21 Aug 2017

Air Berlin Failure Could Lead to Higher European Air Fares

Air Berlin Plane in Flight

European air fares could rise following the failure of low-cost carrier Air Berlin.

The budget airline has collapsed, partly due to dwindling passenger numbers which have dropped by about a million in the past year. The German government has propped up the carrier with a €150million bridging loan, but it is in talks with other airlines to sell off its assets. Lufthansa are lining up to buy the bulk of its assets, and other airlines such as Easyjet and Condor are hoping to pick up the remainder.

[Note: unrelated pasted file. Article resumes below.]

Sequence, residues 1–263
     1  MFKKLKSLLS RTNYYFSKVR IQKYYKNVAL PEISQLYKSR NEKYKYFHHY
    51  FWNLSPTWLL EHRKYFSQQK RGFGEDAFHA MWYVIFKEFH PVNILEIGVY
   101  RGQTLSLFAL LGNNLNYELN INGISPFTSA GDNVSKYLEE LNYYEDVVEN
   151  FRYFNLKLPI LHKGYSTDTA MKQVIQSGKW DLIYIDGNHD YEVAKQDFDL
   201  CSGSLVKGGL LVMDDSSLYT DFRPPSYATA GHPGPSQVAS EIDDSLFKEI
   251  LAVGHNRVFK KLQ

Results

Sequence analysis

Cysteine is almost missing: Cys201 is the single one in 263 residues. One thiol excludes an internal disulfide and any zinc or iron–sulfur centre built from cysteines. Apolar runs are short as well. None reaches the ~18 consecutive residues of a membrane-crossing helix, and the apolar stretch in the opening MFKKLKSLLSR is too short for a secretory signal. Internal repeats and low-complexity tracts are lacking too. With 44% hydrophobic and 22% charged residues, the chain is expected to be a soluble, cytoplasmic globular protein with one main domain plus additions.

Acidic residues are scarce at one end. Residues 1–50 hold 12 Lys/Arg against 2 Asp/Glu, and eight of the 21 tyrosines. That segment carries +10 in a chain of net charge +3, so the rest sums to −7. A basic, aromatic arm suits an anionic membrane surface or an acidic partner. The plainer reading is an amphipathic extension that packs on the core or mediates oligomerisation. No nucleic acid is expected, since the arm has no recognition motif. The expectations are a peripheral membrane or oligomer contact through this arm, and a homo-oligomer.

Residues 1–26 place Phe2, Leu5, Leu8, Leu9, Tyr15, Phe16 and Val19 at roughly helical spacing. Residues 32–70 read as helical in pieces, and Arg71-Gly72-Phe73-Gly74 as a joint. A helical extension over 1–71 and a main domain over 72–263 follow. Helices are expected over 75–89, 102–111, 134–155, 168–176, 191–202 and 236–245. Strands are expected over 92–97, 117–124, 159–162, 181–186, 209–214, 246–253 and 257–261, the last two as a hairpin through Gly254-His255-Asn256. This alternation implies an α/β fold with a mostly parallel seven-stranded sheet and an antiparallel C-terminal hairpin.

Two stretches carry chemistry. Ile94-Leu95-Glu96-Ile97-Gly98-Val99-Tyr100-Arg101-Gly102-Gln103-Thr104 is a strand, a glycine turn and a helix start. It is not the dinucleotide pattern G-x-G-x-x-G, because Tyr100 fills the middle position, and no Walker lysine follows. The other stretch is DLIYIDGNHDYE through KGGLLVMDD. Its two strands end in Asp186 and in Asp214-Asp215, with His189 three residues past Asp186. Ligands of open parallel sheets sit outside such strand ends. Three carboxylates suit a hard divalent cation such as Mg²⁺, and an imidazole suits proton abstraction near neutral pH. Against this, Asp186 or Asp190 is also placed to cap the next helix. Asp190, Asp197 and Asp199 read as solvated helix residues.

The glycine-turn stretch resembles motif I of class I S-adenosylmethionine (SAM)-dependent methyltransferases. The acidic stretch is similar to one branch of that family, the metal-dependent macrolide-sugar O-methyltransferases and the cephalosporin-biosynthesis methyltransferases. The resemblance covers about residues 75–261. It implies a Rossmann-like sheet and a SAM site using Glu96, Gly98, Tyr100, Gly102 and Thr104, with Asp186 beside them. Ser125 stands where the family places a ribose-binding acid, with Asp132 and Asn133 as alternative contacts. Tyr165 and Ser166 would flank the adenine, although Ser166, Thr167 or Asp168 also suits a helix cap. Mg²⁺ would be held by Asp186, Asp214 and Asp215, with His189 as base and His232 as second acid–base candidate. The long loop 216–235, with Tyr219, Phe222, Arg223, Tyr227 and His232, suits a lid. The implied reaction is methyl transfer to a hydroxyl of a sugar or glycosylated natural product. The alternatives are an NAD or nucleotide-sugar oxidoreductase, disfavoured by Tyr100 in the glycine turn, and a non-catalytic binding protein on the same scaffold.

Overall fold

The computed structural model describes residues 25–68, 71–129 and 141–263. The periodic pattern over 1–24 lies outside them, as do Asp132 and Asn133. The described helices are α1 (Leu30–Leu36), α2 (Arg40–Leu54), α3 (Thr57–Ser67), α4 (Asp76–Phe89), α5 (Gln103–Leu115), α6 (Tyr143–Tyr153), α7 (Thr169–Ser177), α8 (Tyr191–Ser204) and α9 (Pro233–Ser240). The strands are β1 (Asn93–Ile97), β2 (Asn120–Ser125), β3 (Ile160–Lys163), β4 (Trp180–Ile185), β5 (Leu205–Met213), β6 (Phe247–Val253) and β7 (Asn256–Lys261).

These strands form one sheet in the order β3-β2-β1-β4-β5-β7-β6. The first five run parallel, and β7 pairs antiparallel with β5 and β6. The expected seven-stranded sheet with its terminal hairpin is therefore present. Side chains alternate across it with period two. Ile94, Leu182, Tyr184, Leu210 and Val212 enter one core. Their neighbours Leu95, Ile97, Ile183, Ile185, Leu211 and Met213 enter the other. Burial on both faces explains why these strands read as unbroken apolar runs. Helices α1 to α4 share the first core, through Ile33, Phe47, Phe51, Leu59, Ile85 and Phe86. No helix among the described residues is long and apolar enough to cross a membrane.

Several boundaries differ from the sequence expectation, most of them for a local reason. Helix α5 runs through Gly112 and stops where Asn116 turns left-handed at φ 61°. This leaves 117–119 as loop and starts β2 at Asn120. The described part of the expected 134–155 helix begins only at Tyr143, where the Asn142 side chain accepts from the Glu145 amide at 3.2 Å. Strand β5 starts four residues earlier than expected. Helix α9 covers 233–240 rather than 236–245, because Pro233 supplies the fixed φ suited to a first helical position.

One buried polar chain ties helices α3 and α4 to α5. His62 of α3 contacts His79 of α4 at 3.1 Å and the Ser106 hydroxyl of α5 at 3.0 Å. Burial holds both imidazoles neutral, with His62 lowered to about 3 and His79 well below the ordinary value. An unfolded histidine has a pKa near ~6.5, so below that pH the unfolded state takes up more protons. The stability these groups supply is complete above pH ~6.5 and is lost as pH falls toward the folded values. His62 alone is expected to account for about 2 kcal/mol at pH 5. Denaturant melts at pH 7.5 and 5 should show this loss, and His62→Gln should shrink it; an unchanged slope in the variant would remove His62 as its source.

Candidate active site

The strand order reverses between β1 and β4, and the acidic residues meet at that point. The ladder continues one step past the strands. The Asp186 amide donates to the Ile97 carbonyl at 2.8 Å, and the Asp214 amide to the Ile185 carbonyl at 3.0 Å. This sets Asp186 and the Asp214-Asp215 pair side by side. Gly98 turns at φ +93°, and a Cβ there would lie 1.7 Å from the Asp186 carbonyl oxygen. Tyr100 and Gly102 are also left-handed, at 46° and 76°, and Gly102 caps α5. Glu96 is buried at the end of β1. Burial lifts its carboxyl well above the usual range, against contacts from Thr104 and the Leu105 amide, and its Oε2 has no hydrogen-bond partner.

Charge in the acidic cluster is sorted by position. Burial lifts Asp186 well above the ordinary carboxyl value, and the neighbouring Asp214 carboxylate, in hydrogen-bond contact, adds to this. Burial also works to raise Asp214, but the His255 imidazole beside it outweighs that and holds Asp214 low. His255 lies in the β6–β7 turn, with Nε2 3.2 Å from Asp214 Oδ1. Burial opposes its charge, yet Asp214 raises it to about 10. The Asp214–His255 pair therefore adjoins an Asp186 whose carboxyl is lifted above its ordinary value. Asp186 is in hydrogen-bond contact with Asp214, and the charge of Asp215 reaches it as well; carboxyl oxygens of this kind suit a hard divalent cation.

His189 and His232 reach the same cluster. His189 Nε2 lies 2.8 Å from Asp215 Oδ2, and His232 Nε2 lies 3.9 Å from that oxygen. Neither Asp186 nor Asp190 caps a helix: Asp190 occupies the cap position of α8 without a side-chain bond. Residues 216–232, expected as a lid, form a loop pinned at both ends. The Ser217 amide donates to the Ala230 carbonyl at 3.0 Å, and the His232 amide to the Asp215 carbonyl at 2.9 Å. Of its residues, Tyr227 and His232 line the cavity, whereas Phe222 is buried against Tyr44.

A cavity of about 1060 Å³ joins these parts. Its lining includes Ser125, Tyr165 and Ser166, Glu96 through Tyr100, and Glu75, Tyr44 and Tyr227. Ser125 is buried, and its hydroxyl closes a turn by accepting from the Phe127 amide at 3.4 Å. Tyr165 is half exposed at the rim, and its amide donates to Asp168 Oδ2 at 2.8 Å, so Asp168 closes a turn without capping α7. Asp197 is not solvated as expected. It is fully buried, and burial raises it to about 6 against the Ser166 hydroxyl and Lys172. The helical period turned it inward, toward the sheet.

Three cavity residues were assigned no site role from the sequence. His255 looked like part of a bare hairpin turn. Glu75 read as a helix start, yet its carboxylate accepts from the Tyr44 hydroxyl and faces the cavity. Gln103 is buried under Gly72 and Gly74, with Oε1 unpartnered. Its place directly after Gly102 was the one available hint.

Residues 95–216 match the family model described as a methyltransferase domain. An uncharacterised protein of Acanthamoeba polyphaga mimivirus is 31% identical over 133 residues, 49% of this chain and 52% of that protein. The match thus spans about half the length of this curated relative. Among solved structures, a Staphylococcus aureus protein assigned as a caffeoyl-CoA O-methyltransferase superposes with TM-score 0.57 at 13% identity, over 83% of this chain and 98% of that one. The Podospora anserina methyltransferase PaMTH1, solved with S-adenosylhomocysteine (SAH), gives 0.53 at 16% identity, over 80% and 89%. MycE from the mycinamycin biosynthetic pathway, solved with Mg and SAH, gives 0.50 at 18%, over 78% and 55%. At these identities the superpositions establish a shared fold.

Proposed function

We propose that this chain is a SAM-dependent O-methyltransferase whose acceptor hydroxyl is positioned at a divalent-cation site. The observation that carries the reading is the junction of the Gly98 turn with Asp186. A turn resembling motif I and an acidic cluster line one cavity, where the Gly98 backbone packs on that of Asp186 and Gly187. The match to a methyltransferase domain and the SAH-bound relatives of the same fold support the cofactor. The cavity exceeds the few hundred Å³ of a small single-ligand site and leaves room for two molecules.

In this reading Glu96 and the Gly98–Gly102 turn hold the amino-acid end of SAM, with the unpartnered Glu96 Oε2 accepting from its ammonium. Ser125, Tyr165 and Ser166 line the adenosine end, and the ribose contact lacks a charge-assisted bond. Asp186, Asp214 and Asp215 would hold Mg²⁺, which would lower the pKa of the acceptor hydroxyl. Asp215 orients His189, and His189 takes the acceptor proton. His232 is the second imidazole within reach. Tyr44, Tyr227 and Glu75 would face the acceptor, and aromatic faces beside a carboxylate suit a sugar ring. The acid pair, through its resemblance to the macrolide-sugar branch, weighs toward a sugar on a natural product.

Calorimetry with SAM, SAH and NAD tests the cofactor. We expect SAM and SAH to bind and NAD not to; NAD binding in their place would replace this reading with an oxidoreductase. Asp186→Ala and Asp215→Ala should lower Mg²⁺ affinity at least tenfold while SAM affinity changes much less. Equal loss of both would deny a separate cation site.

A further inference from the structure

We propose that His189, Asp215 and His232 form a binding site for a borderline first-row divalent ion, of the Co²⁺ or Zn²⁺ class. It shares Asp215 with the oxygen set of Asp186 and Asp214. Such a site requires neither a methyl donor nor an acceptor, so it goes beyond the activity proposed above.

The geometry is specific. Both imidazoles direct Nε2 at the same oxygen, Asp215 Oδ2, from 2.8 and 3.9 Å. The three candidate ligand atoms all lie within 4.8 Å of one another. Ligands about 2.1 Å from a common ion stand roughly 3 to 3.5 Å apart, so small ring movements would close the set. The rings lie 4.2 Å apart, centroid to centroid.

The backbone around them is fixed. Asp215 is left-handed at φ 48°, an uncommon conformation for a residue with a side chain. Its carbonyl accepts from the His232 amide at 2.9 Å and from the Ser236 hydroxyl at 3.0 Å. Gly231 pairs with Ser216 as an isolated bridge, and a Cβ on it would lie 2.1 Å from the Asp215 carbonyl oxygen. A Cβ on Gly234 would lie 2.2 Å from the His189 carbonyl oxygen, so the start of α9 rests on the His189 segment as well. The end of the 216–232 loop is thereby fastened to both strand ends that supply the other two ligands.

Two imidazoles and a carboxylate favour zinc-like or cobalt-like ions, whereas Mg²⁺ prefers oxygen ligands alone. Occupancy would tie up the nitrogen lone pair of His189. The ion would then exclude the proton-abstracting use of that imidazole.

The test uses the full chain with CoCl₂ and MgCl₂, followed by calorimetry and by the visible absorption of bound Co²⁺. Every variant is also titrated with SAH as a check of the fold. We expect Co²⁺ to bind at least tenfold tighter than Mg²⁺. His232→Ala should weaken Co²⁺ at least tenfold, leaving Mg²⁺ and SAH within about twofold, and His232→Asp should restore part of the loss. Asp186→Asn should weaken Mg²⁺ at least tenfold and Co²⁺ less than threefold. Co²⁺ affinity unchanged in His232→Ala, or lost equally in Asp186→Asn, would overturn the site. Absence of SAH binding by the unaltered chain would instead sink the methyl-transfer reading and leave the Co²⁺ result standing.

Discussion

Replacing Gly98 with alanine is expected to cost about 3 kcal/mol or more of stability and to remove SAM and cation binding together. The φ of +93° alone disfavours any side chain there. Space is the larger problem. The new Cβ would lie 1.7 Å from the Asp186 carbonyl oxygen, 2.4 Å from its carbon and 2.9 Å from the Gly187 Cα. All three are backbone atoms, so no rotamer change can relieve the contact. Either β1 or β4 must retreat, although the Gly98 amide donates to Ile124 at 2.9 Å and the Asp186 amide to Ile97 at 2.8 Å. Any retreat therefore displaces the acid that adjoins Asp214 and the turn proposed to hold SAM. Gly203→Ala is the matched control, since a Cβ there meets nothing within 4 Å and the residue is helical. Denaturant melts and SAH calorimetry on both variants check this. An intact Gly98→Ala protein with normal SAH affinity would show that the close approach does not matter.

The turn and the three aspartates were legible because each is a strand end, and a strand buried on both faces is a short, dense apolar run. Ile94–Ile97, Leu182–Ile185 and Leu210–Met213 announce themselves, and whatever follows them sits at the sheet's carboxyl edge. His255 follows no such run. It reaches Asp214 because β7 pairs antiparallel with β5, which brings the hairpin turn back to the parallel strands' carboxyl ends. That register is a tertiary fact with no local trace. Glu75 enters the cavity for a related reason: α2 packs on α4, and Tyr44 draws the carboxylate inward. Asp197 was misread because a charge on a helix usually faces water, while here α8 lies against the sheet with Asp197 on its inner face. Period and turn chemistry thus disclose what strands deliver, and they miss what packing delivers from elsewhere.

Ryanair has complained that the ‘carve-up’ will stifle competition and drive prices upwards in Germany and across Europe. They said ‘The German government is supporting this Lufthansa-led monopoly with €150 million of state aid so that Lufthansa can acquire Air Berlin without its debts and drive air fares even higher than they already are.’

Airline investors, however, have said they welcome greater consolidation. One leading investor said: ‘Anything that reduces capacity will put up prices and that is a very good thing indeed for the industry.

‘The low fuel price has kept European airlines in business when they should have gone out of business ages ago.’

Jochen Schnadt, chief commercial officer for British carrier BMI Regional, said: ‘We have still not had the consolidation in the European airline market that has already taken place in the US and which has led to a healthier market in the long run.’


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